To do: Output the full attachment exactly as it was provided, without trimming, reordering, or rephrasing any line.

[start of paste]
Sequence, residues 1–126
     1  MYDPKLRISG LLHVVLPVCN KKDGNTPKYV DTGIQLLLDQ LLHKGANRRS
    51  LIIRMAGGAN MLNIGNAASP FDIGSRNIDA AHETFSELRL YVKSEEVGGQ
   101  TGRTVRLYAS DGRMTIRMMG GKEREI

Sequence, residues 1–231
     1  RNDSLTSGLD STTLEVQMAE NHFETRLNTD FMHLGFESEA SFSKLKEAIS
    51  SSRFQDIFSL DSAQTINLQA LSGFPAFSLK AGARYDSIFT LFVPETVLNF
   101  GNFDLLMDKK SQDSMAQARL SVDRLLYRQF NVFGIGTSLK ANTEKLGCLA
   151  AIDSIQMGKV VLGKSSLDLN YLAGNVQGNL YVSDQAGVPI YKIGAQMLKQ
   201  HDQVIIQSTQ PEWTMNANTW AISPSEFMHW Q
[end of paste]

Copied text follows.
Sequence, residues 1–126
     1  MYDPKLRISG LLHVVLPVCN KKDGNTPKYV DTGIQLLLDQ LLHKGANRRS
    51  LIIRMAGGAN MLNIGNAASP FDIGSRNIDA AHETFSELRL YVKSEEVGGQ
   101  TGRTVRLYAS DGRMTIRMMG GKEREI

Sequence, residues 1–231
     1  RNDSLTSGLD STTLEVQMAE NHFETRLNTD FMHLGFESEA SFSKLKEAIS
    51  SSRFQDIFSL DSAQTINLQA LSGFPAFSLK AGARYDSIFT LFVPETVLNF
   101  GNFDLLMDKK SQDSMAQARL SVDRLLYRQF NVFGIGTSLK ANTEKLGCLA
   151  AIDSIQMGKV VLGKSSLDLN YLAGNVQGNL YVSDQAGVPI YKIGAQMLKQ
   201  HDQVIIQSTQ PEWTMNANTW AISPSEFMHW Q